In January 2023, the government was questioned in writing about the measures being taken to promote horseracing and breeding on an international scale. Paul Scully, the DCMS minister, pointed to the forthcoming review of the betting levy in 2024, stating that the government would collaborate with stakeholders to ensure the "benefits of the horserace betting levy are maximised" for the industry. Mr Scully also mentioned that the sports economy team within the Department for Trade and Industry was "actively engaging" with the industry to explore international markets and attract "international investors into the British thoroughbred market."

Horse racing. Source: Midjourney
Horse racing. Source: Midjourney

Progress so far

Horseracing has long been intertwined with betting, raising concerns within the industry about the potential consequences of any changes to UK gambling legislation.

The Gambling Act 2005 governs gambling in the UK. Recently, growing worries have emerged regarding the increase in online gambling and associated issues like problem gambling and related harms. In response, Boris Johnson's administration initiated a review of the 2005 Act in 2020. The current government addressed this review in a gambling white paper released in April 2023, proposing various reforms.

When presenting the white paper in the House of Commons, Lucy Frazer, Secretary of State for Culture, Media, and Sport, stated that the advent of the internet and smartphones had "transformed" gambling, making the temptation to gamble ubiquitous in society. She acknowledged that gambling remained a "hugely popular pastime" with the "vast majority" participating safely. However, she noted that it could lead to addiction and other harm for some individuals. Consequently, the white paper outlined several areas for reform:

- Online gambling

- Marketing, advertising, and sponsorship

- The Gambling Commission’s authority and resources

- Dispute resolution and consumer redress

- Protection of children and young adults

- Land-based gambling, such as casinos and the availability of gaming machines

The white paper’s proposed reforms for online gambling introduced new responsibilities for operators to conduct financial risk checks when a customer’s gambling behaviour appears unaffordable and potentially harmful. The document identified three specific risk categories: binge gambling, significant unaffordable losses over time, and financially vulnerable customers. The exact details of the policy would be determined through consultations by the Gambling Commission. However, the white paper suggested the following system of checks:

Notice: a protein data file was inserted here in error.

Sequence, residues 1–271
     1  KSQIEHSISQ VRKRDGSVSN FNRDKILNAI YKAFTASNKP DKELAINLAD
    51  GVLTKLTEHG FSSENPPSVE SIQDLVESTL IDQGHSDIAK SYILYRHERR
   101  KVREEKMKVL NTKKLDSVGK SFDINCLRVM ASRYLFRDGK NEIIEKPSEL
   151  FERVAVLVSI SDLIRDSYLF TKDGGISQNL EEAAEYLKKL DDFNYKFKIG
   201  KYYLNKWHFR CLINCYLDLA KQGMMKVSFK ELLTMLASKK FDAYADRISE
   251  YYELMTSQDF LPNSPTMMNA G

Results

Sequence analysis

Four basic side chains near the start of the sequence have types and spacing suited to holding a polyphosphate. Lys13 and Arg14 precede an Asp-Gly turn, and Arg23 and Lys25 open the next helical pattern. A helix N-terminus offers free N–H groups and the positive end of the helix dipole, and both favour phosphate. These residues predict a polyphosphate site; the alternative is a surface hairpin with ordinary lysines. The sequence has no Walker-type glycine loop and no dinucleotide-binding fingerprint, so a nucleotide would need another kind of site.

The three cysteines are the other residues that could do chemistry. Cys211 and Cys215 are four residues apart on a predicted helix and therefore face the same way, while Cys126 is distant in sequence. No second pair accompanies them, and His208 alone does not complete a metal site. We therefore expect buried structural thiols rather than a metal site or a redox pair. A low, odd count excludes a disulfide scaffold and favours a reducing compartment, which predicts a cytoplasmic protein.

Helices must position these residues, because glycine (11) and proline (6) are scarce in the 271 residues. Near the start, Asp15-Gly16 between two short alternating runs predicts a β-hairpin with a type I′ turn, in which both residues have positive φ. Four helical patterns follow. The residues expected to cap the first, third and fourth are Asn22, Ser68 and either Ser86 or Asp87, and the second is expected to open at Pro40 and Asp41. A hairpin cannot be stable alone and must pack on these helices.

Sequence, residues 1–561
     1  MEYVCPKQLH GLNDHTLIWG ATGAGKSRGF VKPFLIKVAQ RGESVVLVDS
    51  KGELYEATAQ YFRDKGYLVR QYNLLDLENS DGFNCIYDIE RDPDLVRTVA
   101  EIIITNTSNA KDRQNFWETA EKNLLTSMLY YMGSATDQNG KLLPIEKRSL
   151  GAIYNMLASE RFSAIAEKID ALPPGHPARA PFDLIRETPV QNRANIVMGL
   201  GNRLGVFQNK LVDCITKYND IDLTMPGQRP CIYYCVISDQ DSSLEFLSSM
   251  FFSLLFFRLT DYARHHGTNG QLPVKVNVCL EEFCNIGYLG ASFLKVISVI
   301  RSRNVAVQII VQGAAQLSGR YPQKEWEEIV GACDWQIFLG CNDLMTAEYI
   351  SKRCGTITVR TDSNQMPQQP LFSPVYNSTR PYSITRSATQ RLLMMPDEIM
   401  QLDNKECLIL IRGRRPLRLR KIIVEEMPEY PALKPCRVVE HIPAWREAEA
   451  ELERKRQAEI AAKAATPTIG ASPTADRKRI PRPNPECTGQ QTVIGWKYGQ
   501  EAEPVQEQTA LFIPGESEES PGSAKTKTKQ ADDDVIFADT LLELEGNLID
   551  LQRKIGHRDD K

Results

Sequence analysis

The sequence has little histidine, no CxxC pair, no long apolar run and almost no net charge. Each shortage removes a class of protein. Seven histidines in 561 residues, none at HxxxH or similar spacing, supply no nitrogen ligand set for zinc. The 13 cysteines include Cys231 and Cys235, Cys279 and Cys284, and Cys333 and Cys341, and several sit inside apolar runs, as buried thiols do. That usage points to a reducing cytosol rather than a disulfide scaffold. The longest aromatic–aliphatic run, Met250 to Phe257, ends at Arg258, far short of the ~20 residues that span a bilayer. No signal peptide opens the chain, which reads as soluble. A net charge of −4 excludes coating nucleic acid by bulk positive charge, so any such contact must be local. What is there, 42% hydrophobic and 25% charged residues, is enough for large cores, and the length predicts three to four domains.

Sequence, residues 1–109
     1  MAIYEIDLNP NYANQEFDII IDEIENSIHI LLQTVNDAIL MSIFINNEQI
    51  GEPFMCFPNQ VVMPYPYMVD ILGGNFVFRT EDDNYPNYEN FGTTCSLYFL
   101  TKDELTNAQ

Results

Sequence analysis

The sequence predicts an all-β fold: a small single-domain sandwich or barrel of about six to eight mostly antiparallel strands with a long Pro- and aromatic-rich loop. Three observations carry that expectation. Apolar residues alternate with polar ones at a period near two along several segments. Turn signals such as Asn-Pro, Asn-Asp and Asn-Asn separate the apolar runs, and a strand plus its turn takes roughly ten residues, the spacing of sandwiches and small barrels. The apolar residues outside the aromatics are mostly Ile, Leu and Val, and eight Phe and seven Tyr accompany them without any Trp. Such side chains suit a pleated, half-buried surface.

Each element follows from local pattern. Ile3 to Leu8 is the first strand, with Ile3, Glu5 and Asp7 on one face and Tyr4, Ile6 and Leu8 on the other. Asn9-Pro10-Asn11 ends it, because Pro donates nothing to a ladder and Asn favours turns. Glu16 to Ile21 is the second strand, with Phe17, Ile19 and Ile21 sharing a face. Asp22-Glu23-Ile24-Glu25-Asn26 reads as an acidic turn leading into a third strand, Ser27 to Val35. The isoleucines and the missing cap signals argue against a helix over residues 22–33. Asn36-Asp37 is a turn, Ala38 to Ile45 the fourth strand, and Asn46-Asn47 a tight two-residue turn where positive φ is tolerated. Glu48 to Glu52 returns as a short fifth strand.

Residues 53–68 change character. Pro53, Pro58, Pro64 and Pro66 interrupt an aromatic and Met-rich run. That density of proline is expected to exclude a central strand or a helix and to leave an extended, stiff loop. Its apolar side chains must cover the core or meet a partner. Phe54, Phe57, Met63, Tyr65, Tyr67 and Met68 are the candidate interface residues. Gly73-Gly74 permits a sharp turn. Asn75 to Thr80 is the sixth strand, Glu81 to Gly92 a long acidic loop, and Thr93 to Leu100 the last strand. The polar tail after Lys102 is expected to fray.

Initially, background checks should be performed at moderate spending levels to identify indicators of financial vulnerability, such as county court judgments. These checks should occur at a net loss of £125 within a month or £500 within a year. Secondly, for higher spending levels that may suggest harmful binge gambling or sustained unaffordable losses (with proposed thresholds of £1,000 net loss within 24 hours or £2,000 within 90 days), a more detailed assessment of the customer’s financial status should be conducted.

The white paper acknowledged the "significant contribution that horseracing makes to British sporting culture" and assured that measures like financial risk checks would not negatively impact the sector.

The document also provided financial impact estimates of its proposals on the horseracing sector, projecting a reduction of £5–£8 million (6–11%) in the online component of the horserace betting levy. It also anticipated a possible decline in "gambling sponsorship and media rights" due to reduced operator income. In the gambling review, the horseracing industry reported a total annual income of £1.47 billion in 2022. The white paper estimated that the proposed reforms would reduce the total racing industry income by "between 0.5% and 1%".